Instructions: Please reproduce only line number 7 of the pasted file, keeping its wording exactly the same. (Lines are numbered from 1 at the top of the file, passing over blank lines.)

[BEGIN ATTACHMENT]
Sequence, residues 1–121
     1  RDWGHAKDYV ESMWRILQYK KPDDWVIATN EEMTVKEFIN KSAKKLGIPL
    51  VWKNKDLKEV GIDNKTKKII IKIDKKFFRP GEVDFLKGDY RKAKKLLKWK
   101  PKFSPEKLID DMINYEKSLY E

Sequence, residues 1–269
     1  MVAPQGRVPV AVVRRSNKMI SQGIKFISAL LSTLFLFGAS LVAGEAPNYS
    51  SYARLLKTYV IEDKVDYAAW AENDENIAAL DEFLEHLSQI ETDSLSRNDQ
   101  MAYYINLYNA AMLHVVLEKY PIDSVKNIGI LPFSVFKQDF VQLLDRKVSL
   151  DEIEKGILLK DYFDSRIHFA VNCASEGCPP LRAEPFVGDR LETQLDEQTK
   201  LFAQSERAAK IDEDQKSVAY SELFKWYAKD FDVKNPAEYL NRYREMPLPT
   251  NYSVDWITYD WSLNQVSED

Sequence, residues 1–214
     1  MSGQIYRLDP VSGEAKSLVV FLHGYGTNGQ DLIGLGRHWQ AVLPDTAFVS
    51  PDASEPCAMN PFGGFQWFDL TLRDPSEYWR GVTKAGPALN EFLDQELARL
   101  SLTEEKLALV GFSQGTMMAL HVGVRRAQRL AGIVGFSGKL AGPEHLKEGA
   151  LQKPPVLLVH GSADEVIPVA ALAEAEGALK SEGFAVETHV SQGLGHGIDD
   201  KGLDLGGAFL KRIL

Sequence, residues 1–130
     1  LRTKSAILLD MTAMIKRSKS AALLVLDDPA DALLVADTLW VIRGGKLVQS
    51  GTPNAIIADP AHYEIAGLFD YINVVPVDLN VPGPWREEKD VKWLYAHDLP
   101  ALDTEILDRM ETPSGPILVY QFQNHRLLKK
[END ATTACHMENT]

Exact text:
    51  SYARLLKTYV IEDKVDYAAW AENDENIAAL DEFLEHLSQI ETDSLSRNDQ